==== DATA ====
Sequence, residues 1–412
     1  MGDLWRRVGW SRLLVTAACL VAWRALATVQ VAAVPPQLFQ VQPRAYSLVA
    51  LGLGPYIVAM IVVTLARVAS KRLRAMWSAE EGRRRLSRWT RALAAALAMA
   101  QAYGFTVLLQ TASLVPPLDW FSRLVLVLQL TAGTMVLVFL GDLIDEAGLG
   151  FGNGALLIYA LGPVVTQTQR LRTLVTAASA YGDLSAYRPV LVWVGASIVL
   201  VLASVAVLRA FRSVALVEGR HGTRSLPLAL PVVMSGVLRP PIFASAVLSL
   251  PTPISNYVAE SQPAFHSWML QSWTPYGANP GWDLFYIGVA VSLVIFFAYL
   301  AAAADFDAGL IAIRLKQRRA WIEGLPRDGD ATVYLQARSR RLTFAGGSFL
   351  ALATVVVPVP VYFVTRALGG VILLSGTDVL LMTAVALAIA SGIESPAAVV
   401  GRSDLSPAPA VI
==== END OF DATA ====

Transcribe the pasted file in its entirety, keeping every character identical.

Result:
Sequence, residues 1–412
     1  MGDLWRRVGW SRLLVTAACL VAWRALATVQ VAAVPPQLFQ VQPRAYSLVA
    51  LGLGPYIVAM IVVTLARVAS KRLRAMWSAE EGRRRLSRWT RALAAALAMA
   101  QAYGFTVLLQ TASLVPPLDW FSRLVLVLQL TAGTMVLVFL GDLIDEAGLG
   151  FGNGALLIYA LGPVVTQTQR LRTLVTAASA YGDLSAYRPV LVWVGASIVL
   201  VLASVAVLRA FRSVALVEGR HGTRSLPLAL PVVMSGVLRP PIFASAVLSL
   251  PTPISNYVAE SQPAFHSWML QSWTPYGANP GWDLFYIGVA VSLVIFFAYL
   301  AAAADFDAGL IAIRLKQRRA WIEGLPRDGD ATVYLQARSR RLTFAGGSFL
   351  ALATVVVPVP VYFVTRALGG VILLSGTDVL LMTAVALAIA SGIESPAAVV
   401  GRSDLSPAPA VI